In Vermont plots contained significant amounts of weeds after winter thinning of susceptible species which may have affected the ranking of blends and mixtures (Fig. 6). There was no clear consistency for yield among blends and mixtures and orchardgrass or the mixes with the variety Extend had both high and low rankings each year. Weed content was likely a factor. In 2008 the average weed content was 13.6%, in 2009 34.7% and in 2010 (one harvest) 46.9% with grass weeds being 8 time more abundant than broadleaf weeds. The high and increasing content of weeds lead to abandonment of the experiment midway through 2010. In comparison to Vermont the content of weeds in Massachusetts was negligible (less than 2%) for all plots throughout the four years. Similarly, Pennsylvania had few weeds. Comparative results for forages and weeds for Vermont and Pennsylvania studies in 2009 are shown in Figure 7.

In Massachusetts we made an attempt to determine animal preference to different species and blend complexity by measuring the amount of pasture consumed during grazing periods in 2008 and 2009. When grazing pressure adequate all plots were grazed similarly regardless of the number of species in the pasture blend (Fig. 8). Perennial ryegrass and plots with much white clover were grazed preferentially with the whole plot grazed evenly while bordering plots were sometimes left, depending on species, for grazing later in the grazing period. Tall fescue and orchardgrass blends were not the first to be grazed but were grazed somewhat evenly if animals were restricted to the area long enough. These blends were less grazed if forage supply was over abundant for the animal grazing density.

The distribution of forage production over the season is shown for Massachusetts in Figure 9, Pennsylvania in Figure 10, and Vermont in Figure 11. These are included mainly to show seasonal changes in production which were variable among years within all locations. Variations likely occurred because timing of grazing, rainfall patterns and quantity, and temperature profiles in different years. For example, the Pennsylvania site had a summer slump in production in 2008 (a dry year) and 2010 but the opposite in 2009, a year with more adequate rainfall.

Forage Quality:

This project generated thousands of forage samples that ideally would be analyzed for forage quality. Because funding was not sufficient in the project this has not been completed for all samples. In Massachusetts we were fortunate enough to obtain funding in another project and purchased a NIRS forage analysis system. We have used this to complete the analysis for all samples collected in Massachusetts. The four year average for protein levels varied from a low of 17.6% to a high of 20.8% (Fig. 12). The blends containing perennial ryegrass had higher protein levels than most blends containing orchardgrass. Of the top 14 blends only two contained orchardgrass and all but one contained perennial ryegrass. Of the bottom half only two did not contain orchardgrass.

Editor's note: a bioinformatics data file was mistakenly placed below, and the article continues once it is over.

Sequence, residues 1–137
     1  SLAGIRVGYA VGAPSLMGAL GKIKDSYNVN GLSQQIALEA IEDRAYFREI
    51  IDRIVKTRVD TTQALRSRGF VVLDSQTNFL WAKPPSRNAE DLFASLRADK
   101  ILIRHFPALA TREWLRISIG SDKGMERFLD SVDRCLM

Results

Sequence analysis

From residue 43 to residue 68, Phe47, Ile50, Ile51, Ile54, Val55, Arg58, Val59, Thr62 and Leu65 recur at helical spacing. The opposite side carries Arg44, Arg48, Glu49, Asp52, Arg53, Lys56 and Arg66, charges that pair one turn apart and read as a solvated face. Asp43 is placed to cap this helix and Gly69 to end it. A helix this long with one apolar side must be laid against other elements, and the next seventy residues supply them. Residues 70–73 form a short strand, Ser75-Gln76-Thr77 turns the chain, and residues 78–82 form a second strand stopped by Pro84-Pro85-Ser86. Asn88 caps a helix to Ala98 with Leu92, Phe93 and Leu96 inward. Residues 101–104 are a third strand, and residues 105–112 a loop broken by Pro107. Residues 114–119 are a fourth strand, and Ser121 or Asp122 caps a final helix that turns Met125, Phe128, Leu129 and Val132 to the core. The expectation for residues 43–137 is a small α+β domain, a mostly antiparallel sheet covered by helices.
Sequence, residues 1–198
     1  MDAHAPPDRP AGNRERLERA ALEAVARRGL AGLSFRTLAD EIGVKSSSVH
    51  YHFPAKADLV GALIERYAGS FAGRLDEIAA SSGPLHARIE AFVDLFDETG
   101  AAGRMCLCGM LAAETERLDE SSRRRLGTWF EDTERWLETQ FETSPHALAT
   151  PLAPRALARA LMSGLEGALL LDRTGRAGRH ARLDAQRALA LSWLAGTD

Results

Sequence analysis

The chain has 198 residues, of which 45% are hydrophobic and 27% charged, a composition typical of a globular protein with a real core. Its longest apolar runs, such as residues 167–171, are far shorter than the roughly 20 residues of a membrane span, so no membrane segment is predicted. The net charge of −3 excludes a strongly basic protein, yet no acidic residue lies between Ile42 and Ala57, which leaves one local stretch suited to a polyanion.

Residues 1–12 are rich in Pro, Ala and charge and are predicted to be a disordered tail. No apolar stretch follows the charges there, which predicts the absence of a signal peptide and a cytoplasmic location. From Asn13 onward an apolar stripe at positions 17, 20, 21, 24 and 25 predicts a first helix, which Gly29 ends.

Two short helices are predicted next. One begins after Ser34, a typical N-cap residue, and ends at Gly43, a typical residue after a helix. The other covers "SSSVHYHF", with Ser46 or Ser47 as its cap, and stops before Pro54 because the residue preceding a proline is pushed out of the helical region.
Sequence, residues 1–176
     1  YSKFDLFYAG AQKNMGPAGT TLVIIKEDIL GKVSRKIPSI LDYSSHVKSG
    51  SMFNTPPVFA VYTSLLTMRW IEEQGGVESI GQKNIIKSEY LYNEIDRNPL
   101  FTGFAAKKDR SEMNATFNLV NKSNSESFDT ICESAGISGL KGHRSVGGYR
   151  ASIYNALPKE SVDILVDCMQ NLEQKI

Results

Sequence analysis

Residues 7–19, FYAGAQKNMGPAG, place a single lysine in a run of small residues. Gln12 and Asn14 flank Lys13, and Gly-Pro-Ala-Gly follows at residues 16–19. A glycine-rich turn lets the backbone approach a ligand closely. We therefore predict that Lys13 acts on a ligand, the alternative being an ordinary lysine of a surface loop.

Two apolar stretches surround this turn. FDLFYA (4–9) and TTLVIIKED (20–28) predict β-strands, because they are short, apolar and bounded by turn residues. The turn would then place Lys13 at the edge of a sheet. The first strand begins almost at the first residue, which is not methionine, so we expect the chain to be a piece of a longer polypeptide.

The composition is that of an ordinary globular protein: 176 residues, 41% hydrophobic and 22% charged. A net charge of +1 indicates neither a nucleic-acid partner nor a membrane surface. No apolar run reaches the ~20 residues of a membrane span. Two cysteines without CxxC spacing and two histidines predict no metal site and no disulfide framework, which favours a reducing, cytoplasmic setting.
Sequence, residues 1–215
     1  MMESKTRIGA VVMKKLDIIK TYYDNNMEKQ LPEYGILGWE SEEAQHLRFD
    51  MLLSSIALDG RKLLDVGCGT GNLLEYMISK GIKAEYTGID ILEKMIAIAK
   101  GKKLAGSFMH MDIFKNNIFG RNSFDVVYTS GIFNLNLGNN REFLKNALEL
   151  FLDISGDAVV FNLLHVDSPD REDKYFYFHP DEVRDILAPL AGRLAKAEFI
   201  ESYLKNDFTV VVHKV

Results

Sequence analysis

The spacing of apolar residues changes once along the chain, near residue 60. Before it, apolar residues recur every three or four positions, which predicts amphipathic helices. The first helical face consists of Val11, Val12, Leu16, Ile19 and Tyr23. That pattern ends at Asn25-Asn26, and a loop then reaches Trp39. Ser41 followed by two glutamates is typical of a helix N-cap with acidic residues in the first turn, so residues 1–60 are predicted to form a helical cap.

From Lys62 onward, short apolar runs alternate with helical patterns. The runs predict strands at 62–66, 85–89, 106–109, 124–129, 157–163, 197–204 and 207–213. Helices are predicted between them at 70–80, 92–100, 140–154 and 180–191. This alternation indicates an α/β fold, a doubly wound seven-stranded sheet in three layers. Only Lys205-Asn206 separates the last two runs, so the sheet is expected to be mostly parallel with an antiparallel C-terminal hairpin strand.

The NDF levels in blends were almost the reverse of the protein levels (Fig. 12). All 2-specie mixes with Alice white clover and a perennial ryegrass cultivar were the blends with the five lowest NDF levels. This was also true for ADF levels (Fig. 12). Blend 13, which was consistently high yielding in Massachusetts and Pennsylvania, had low protein (4th from the bottom) but highest estimated NDF and ADF values.

Variety/Cultivar Differences among the Pasture Blends:

Massachusetts — Variety/cultivar performance within species in the pasture plot assessments must be made within the context of the other species within a blend. For example, there were 3 cultivars of alfalfa planted as part of three very different blends; Baralfa42-IQ was planted with Intensiv orchardgrass, Barfleo timothy, and Hakari bromegrass. Maxigraze GT was planted with Aubisque perennial ryegrass, Treasure timothy, Ginger Kentucky bluegrass, and Spring Green festulolium, and FSG 408DP alfalfa was planted with Boost perennial ryegrass, FSG 9601 red clover, Select tall fescue, Big Daddy annual ryegrass, and Summit timothy. All blends were assessed at multiple inventory dates in 2010 and 2011 for cultivar differences. While overall cultivar performances were compared, analysis of results is limited by the unknown effects of the different companion species.

The method used in Massachusetts to determine which species were present in a plot is as follows. A measuring tape was placed through a diagonal of a 3 m x 7 m plot. Over the central 3m of the diagonal, at 30 cm intervals, a pin was dropped at the tape. Every species found within 1 cm of the pin was recorded. If inventory was 3 m, this gave 10 inventory points and a species could get a maximum “score” of 10 if observed at each point. If five species were present, the “score” could theoretically be as high as 50. By allowing for more than one species per point to be counted, shorter species were not excluded, and fewer points were needed to avoid missing present species entirely. It would be expect to have seasonal differences in species. Some do well early in the season, in cool weather; others excel in hotter, drier weather. While the inventory timings and diversity of companion species present created some difficulty, there were clearly cultivars which performed better than others. Table 4 shows results of this assessment analysis.